The martech space is full of shiny things – usually with an alphabet soup flair like: CDP, DAM, DSP, iPaaS, etc. For every shiny thing, there’s a legion of salespeople and evangelists behind it. So, why wouldn’t I or you want to buy a shiny thing? We’re not crazy, right?
Here are perfectly valid reasons not to buy something shiny – even if others disagree.
Information security is super important, and each different organization has different threats and risk tolerances. If a shiny thing needs a lot of information about people, that’s going to raise red flags. If it needs to integrate with a bunch of other stack components, that will complicate the review. If the shiny thing offers value but requires a lot of hoop-jumping, then perhaps it’s not worth the effort.
A shiny thing may do a lot of cool stuff – maybe even well. In fact, you may already have products that do those things. Feature overlaps aren’t necessarily a dealbreaker; sometimes it makes sense to have duplicate functionality. For instance, a link checker may certainly see if a site is up, but is it good enough as an uptime monitor? Having said that, some of the applicable functionality is offered by products for which there’s still considerable time left in a contract period. Thus, while the shiny thing is appealing, it may not make sense until an existing contract ends. (Pro tip: Carefully consider multi-year contracts. Sure, the vendor will give you a good deal, but what if things change – like a shiny thing comes along?)
Site speed concerns
In order to work, a shiny thing might need a script placed on a site. Every script added to a site affects its load time. Site speed is a significant factor for many other considerations such as conversion rates, UX, and SEO. The shiny thing’s salespeople will – of course – tout that it won’t add that much time, but their considerations and standards don’t match yours. There’s a chance that the shiny thing will more than compensate for what it costs in site speed, but there’s also a chance that it won’t either. You really don’t know until the script is on and operating on a site. (Pro tip: Identify other sites that use this tool. Use page speed and browser developer tools to see how it affects them.)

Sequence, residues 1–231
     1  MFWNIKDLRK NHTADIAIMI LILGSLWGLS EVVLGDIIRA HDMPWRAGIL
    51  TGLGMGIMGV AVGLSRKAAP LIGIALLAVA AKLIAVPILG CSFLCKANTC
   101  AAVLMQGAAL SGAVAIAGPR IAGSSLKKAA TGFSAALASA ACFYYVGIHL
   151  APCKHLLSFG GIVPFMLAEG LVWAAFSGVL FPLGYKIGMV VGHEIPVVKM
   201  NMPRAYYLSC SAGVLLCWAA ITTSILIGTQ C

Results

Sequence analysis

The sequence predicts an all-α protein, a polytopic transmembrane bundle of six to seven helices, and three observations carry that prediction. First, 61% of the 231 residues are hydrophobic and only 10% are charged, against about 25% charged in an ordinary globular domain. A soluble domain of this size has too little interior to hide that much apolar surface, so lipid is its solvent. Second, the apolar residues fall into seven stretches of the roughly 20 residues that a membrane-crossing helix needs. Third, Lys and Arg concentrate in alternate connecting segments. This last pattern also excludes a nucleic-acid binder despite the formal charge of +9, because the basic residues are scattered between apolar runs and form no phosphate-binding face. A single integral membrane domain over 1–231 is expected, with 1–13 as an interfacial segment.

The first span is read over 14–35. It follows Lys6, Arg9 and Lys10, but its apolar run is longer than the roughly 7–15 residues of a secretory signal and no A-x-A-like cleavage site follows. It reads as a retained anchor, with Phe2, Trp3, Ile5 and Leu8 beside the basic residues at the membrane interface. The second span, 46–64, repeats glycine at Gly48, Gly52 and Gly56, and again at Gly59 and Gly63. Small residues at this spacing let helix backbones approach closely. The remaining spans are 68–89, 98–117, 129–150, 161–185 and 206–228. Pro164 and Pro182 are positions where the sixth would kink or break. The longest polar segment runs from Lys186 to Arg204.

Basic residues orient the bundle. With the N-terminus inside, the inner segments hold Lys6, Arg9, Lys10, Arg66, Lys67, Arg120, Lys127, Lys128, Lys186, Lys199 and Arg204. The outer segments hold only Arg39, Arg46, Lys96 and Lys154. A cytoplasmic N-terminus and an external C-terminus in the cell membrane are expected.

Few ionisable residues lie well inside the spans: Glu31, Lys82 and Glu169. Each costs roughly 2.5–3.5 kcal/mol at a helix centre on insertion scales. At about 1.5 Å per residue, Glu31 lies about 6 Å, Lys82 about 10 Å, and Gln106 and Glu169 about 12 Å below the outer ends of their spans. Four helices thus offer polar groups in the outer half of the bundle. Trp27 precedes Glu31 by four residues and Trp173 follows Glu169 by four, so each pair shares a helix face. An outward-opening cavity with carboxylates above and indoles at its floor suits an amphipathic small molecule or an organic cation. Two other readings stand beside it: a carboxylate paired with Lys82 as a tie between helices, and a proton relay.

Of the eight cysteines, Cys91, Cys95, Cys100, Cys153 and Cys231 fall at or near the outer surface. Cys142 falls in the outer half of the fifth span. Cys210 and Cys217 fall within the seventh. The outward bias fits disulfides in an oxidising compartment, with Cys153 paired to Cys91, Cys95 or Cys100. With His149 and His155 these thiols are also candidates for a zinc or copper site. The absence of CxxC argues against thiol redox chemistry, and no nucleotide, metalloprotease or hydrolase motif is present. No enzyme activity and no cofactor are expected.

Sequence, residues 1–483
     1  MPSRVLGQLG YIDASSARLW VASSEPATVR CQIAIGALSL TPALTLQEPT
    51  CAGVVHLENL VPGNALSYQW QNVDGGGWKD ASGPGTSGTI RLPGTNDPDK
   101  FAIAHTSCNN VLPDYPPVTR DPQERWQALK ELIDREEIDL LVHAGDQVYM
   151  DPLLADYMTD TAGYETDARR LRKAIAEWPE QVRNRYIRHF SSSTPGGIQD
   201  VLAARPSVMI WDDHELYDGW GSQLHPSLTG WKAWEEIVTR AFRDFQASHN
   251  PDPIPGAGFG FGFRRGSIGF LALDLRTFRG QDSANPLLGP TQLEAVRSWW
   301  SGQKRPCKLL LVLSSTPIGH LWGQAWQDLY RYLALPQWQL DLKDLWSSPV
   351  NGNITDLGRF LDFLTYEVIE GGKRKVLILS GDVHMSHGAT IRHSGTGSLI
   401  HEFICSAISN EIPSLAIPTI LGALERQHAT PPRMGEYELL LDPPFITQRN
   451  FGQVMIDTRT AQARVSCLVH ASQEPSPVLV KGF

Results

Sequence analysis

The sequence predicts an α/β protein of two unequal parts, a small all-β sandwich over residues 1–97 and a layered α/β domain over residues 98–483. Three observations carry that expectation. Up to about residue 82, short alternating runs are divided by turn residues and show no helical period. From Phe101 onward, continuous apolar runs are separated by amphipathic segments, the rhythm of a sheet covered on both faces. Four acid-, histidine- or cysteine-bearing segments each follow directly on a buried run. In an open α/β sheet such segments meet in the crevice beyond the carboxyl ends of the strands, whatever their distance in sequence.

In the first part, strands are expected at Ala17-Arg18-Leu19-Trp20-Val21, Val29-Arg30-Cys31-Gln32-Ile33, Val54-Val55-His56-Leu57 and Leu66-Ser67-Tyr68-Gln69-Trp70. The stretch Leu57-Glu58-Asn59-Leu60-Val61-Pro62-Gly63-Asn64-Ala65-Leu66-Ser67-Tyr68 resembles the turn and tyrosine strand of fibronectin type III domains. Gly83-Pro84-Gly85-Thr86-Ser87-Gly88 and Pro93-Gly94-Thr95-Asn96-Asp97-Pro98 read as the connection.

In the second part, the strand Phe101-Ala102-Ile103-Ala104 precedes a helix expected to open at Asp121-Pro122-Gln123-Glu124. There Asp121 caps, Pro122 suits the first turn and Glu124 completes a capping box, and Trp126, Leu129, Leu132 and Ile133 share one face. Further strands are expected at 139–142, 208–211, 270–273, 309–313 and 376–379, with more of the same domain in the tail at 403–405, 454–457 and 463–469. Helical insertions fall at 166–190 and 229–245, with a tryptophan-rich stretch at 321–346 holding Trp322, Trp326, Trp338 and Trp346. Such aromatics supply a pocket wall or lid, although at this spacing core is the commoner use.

I may see the value of a shiny thing, but I don’t work alone. There’s certainly an advantage to learning to persuade others to my perspective, but no one always prevails. There are plenty of reasons why other stakeholders may not see the same value in a shiny thing. Perhaps they used it or something like it before, but things weren’t as magical as they had expected. Maybe there are other priorities higher up the list. The company may measure its performance using metrics that the shiny thing won’t help. They, too, may have valid reasons not to drink the Kool-Aid.
Stack and integrations
Stacks are complicated! There’s so much to coordinate and integrate. Establishing a harmonious symphony takes effort, and that’s not accounting for maintaining harmony. Adding a new component takes work and commitment. In addition to the monetary costs of a shiny thing and all the work to make it work within a stack, there are all of the other associated costs of balancing competing priorities. Shiny can only justify expense and effort to a certain point.
Shiny things don’t shine on their own. They require dedicated sponsorship and competent users. This involves prioritization and training along with an implementation phase. It’s not uncommon for the designated executive sponsor to also sponsor numerous other products and initiatives. They have constraints and need to act accordingly, which may come at the expense of a shiny thing. The shiny thing’s “owner” has multiple things on their plate as well, and a new out-of-the-blue project may suddenly appear that distracts from implementation and ongoing ownership. So, as shiny as a thing may be, it’s certainly not the only shiny thing.
FOMO is real. Shiny things have their boosters that make you wonder if you are missing out. However, there are many perfectly understandable reasons to not buy into the hype. Thus, before you take the plunge with a shiny thing, consider the factors above to see if you can enable a thing to shine to its potential.
Opinions expressed in this article are those of the guest author and not necessarily Marketing Land. Staff authors are listed here.